BLOOD TESTS

Thanks to Krissie for providing the following Info on Blood Tests. I hope to include an explanation of each reading soon.

UK
These are the normal blood ranges in the UK for a full blood count hope these help

Test Range Units
CRP C-Reactive protein < 10 mg/l
White Cell Count 4.0 - 11.0 109/l
Neutrophils 2.0 - 7.5 109/l
Lymphocytes 1.5 - 4.5 109/l
Monocytes 0.2 - 0.8 109/l
Eosinophils 0.4 - 0.4 109/l
Basophils 0.0 - 0.01 109/l
Test Range Units
Haemoglobin 13.0 - 18.0 g/dl Male
Haemoglobin 11.5 - 16.5 g/dl Female
Red Cell Count 4.5 - 6.5 1012/l Male
Red Cell Count 3.8 - 5.8 1012/l Female
Mean Cell Volume 77 - 95 fl
Haematocrit 0.4 - 0.52 Male
Haematocrit 0.36 - 0.47 Female
MCH 27.0 - 32.0 pg
MCHC 32.0 - 36.0 g/dl
Platelets 150 - 400 109/l

Ranges for tests other than fbc

Test Range Units
Reticulocytes 0.5 - 2.5 %
ESR 2 - 12 mm/hour
PV 1.44 - 1.7 cp
Serum B12 150 -750 ng/l
Serum Folate 2.0 - 11.0 ug/l
Red cell Folate 120 - 750 ug/l
Ferritin 15 - 300 ug/l
Test Range Units
INR 1.0 - 1.2
APTT 20-36 Seconds
Fibrinogen 1.5 - 4.5 g/l
Hb A2 1.7 - 3.5 %
Hb F >1 %

USA

Reference Range (conventional units*)

Acidity (pH) 7.35 - 7.45
Alcohol 0 mg/dL (more than 0.1 mg/dL normally indicates intoxication) (ethanol)
Ammonia 15 - 50 µg of nitrogen/dL
Amylase 53 - 123 units/L
Ascorbic Acid 0.4 - 1.5 mg/dL
Bicarbonate 18 - 23 mEq/L (carbon dioxide content)
Bilirubin Direct: up to 0.4 mg/dL
Total: up to 1.0 mg/dL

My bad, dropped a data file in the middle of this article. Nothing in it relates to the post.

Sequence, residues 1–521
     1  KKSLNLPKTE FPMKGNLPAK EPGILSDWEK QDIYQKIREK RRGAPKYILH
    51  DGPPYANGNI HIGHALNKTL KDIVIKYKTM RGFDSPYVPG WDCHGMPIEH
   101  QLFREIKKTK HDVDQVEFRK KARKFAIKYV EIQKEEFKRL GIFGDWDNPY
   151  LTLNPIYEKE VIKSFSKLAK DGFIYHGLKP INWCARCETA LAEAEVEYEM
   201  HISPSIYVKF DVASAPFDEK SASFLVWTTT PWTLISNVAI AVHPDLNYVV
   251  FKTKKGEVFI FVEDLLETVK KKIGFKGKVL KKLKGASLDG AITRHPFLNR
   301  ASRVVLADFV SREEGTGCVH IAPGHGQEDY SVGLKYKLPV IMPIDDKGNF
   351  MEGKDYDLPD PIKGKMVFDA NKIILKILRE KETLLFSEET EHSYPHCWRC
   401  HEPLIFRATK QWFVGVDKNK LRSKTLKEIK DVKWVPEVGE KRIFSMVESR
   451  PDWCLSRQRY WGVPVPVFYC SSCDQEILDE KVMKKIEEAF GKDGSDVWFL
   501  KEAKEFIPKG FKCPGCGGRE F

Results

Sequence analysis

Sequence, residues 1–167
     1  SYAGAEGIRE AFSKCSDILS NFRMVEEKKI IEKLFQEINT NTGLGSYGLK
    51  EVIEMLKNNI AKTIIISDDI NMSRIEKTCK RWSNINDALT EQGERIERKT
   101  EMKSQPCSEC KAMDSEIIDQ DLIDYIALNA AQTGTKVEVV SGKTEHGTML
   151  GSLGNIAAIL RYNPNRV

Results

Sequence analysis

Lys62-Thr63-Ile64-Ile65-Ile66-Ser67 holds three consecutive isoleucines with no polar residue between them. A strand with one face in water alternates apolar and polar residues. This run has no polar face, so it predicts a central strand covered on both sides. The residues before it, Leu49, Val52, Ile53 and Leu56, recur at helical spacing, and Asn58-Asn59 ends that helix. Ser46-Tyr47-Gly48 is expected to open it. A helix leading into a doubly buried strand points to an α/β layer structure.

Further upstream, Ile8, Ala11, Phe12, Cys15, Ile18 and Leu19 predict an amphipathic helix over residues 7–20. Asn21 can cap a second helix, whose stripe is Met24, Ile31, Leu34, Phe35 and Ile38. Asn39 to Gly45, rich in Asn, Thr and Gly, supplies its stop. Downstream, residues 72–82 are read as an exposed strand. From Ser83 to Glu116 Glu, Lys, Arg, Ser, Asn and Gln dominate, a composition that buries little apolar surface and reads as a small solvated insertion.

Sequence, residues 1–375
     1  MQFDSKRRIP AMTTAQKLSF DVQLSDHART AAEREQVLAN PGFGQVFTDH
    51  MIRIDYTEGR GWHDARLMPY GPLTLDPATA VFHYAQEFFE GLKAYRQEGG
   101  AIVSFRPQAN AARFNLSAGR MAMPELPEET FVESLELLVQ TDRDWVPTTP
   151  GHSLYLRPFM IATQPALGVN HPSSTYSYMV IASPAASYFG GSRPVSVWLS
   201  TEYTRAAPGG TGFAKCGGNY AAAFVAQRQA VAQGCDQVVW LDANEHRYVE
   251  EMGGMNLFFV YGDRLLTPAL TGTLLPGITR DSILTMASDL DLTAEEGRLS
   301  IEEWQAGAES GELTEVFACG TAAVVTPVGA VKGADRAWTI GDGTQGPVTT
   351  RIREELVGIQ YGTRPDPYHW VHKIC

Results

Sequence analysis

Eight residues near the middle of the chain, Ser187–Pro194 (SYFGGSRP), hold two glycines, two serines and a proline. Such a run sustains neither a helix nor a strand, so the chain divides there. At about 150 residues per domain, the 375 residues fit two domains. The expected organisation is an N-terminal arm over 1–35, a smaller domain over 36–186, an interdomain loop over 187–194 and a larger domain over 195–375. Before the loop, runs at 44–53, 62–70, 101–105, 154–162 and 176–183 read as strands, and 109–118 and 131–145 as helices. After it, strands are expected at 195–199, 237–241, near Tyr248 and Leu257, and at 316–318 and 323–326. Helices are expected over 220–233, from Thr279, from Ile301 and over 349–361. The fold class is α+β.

Blood Volume 8.5 - 9.1% of total body weight
Calcium 8.5 - 10.5 mg/dL (normally slightly higher in children)
Carbon Dioxide Pressure 35 - 45 mm Hg
Carbon Monoxide Less than 5% of total hemoglobin
CD4 Cell Count 500 - 1500 cells/µL
Ceruloplasmin 15 - 60 mg/dL
Chloride 98 - 106 mEq/L

Complete Blood Cell Count (CBC)

Tests include: hemoglobin, hematocrit, mean corpuscular hemoglobin, mean corpuscular hemoglobin concentration, mean corpuscular volume, platelet count, white Blood cell count

Copper Total: 70 - 150 µg/dL
Creatine Kinase (CK or CPK) Male: 38 - 174 units/L
Female: 96 - 140 units/L
Creatine Kinase Isoenzymes 5% MB or less
Creatinine 0.6 - 1.2 mg/dL
Electrolytes Test includes: calcium, chloride, magnesium, potassium, sodium

Erythrocyte Sedimentation Rate (ESR or Sed-Rate) (This determines the rate that red blood cells settle to the bottom of the tube. If they settle faster than normal this can suggest infection, anaemia, inflammation , rheumatoid arthritis. This is the common blood test performed to measure rate of inflammation, determine a flare but in some people can remain normal )

Male 1 - 13 mm/hr
Female: 1 - 20 mm/hr
Glucose Tested after fasting: 70 - 110 mg/dL
Hematocrit Male: 45 - 62%
Female: 37 - 48%
Hemoglobin Male: 13 - 18 gm/dL
Female: 12 - 16 gm/dL
Iron 60 - 160 µg/dL (normally higher in males)
Iron-binding Capacity 250 - 460 µg/dL
Lactate (lactic acid) Venous: 4.5 - 19.8 mg/dL
Arterial: 4.5 - 14.4 mg/dL
Lactic Dehydrogenase 50 - 150 units/L
Lead 40 µg/dL or less (normally much lower in children)
Lipase 10 - 150 units/L
Zinc B-Zn 70 - 102 µmol/L
Lipids:
Cholesterol Less than 225 mg/dL (for age 40-49 yr; increases with age)
Triglycerides 10 - 29 years 53 - 104 mg/dL
30 - 39 years 55 - 115 mg/dL
40 - 49 years 66 - 139 mg/dL
50 - 59 years 75 - 163 mg/dL
60 - 69 years 78 - 158 mg/dL
> 70 years 83 - 141 mg/dL

Liver Function Tests Tests include bilirubin (total), phosphatase (alkaline), protein (total and albumin), transaminases (alanine and aspartate), prothrombin (PTT)
Please click each to view an individual test value.

Magnesium 1.5 - 2.0 mEq/L
Mean Corpuscular Hemoglobin (MCH) 27 - 32 pg/cell
Mean Corpuscular Hemoglobin Concentration (MCHC) 32 - 36% hemoglobin/cell
Mean Corpuscular Volume (MCV) 76 - 100 cu µm
Osmolality 280 - 296 mOsm/kg water
Oxygen Pressure 83 - 100 mm Hg
Oxygen Saturation (arterial) 96 - 100%
Phosphatase, Prostatic 0 - 3 units/dL (Bodansky units) (acid)